Pedestrians walk past a shopping mall in Singapore on June 6, 2021. Digital lending is expected to reach US$92 billion in transactions in Southeast Asia alone by 2025. Photo: Bloomberg
Tristan Chiappini
Tristan Chiappini

How pandemic-weary young people are embracing ‘live now, pay later’ finance solutions

  • An evolution from ‘buy now, pay later’, the payment system offers the youth of today a way to unlock intangible services like travel, healthcare and lifestyle experiences now, and worry about the cost later

The concept of consumer credit at the point of sale has existed for many years, from merchant loans to bank lending and credit cards. There have been further evolutions in recent years to the way consumer credit is offered and structured, largely transformed by the advent of big data, digital identities and smartphones.

Technology like this enables fintech companies to easily gather customer profiles and user behaviour, giving them the ability to approve loans in just a few seconds. The result is that nonbank credit providers have become more competitive than ever.
Buy now, pay later” (BNPL) is a short-term finance solution which enables consumers to pay for goods and services in instalments. With firms such as Klarna marketing to young people, the service has quickly become commonplace as a way to keep up with peers and access the latest trends in an instant.

Digital lending is expected to reach US$92 billion in transactions in Southeast Asia alone by 2025. In Singapore, the government has recognised the growth of BNPL in neighbouring markets, and the Singapore FinTech Association has launched a working group to develop a code of conduct for providers. This signals increasing regulatory attention and the potential for the payment method to gain further ground.

Following Klarna’s success, other fintech companies are adding instalment financing into their payment mix. BNPL is becoming a popular payment method across the globe, with firms such as Atome, hoolah, Rely and Grab getting in on the act.

It is no secret that the onset of the Covid-19 pandemic brought a decline in consumer spending worldwide. Even before that, though, BNPL served as a budgeting tool for consumers, helping them delay payments and spread costs. The shift to e-commerce created the perfect environment for it to thrive online.

Chinese millennials are even buying burgers on instalment plans

For young people just starting their career or who have less spending power, BNPL can be a gateway to big-ticket items or necessary purchases with staggered payments. This offers no-strings convenience and a feeling of control not found in traditional credit, which often has high interest rates and fees.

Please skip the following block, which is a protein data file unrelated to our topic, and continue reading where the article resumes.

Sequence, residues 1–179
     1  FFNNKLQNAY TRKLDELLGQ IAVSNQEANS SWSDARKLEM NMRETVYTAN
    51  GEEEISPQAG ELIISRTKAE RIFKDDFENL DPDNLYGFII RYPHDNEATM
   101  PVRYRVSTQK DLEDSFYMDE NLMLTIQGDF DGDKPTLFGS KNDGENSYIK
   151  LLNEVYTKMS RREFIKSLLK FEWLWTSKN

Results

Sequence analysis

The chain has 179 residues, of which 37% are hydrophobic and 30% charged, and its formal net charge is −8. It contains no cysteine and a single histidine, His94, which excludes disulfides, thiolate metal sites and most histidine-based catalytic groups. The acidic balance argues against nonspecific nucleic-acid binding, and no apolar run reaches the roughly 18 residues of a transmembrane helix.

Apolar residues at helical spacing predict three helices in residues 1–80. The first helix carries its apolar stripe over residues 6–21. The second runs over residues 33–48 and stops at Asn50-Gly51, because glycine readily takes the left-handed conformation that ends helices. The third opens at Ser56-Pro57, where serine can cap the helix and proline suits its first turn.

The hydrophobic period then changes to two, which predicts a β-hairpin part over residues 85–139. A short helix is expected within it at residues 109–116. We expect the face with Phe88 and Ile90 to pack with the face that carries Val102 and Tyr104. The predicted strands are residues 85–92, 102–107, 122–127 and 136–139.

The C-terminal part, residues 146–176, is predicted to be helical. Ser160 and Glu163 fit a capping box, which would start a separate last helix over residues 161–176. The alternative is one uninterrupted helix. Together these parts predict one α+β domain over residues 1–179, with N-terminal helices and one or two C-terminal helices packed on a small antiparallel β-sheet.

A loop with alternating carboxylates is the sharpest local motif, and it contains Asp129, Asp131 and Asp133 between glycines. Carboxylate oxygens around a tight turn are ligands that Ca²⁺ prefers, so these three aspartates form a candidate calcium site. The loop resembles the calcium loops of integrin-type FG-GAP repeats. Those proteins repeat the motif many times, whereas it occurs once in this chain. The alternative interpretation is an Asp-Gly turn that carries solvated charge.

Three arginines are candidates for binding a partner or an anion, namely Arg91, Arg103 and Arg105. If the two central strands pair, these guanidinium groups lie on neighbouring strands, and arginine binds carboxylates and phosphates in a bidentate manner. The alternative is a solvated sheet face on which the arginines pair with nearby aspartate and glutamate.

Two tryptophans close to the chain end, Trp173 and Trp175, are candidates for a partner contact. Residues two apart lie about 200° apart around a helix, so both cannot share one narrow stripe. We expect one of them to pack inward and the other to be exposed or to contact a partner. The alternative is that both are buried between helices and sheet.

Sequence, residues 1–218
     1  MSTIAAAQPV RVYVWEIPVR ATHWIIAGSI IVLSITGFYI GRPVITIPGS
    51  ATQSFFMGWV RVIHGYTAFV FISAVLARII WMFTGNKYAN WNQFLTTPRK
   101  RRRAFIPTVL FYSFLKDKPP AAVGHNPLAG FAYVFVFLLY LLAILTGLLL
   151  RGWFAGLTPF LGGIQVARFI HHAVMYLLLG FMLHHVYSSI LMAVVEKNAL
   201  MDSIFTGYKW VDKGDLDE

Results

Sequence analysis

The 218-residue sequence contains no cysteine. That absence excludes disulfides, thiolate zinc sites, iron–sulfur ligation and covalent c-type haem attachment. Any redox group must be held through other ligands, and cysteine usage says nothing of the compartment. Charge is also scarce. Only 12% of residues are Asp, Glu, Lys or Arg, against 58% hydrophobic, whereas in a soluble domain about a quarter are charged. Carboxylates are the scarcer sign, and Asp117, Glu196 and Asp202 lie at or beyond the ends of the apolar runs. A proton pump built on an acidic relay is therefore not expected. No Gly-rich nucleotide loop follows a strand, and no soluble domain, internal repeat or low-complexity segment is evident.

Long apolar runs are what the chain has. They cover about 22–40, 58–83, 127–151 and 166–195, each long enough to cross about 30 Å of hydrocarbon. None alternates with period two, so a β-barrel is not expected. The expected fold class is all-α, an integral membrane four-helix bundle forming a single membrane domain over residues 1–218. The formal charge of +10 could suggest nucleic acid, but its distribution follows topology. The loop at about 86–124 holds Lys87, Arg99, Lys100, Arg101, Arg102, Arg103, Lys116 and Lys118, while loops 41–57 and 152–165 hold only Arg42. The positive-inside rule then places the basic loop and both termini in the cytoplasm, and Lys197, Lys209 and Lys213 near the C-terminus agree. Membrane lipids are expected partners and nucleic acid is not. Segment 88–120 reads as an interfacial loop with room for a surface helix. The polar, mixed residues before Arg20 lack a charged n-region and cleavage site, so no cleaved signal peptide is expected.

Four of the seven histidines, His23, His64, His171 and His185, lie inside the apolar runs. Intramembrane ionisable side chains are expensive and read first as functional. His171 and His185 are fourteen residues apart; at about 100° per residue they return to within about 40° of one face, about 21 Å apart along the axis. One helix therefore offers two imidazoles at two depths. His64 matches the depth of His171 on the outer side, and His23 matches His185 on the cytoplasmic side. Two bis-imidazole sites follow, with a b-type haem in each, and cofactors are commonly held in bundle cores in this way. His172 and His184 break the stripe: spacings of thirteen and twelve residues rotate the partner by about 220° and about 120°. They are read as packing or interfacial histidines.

This has led to innovation in the sector, and what started off as a method for online payments has evolved into an option for in-store checkouts. BNPL has evolved into “live now, pay later” – a way to unlock intangible services such as experiences and modes of self-improvement, letting people live now and worry about the cost later.

To appeal to younger generations, tech players have gone to great lengths to understand what makes young people tick. With the last two years keeping most of the world’s population at home during the pandemic, there is a notable shift in consumer behaviour wherein the youth of today value experiences over material possessions.


South Koreans rush for ‘revenge travel' as Covid-19 rules ease

South Koreans rush for ‘revenge travel' as Covid-19 rules ease
“Live Now, Pay Later” gives young people the freedom to purchase desired experiences and items while downplaying the concerns of not having enough funds up front. It is becoming the enabler of living in the moment and casting aside financial worries aside, something regulators have noticed.

With healthcare services in some parts of the world unaffordable and out of reach, “Live Now, Pay Later” can help people access the care they need by paying in instalments. This could also be extended to educational or vocational courses to help young people improve their career prospects.

It is worth nothing that BNPL has been criticised by those who worry that it encourages young people to spend beyond their means, shop impulsively and sign up for payments they cannot keep up with, resulting in debt and poor credit ratings. However, “Live Now, Pay Later” can be a force for good among wellness-conscious and experience-driven consumers.

Yes, you can afford that luxe bag – just buy now, pay later

Fintech firms involved in the sector have largely taken on the responsibility to ensure consumers do not overburden themselves with debt, but more regulation could be required to ensure a standardised approach to this new form of lending.


“Buy now, pay later” and “live now, pay later” offer vast opportunities for consumers and merchants. They continue to transform how we prefer to pay for things, who can experience them and when these experiences can happen.

Tristan Chiappini is vice-president of partnerships and head of APAC at PPRO, a specialist for local payment methods and value-added services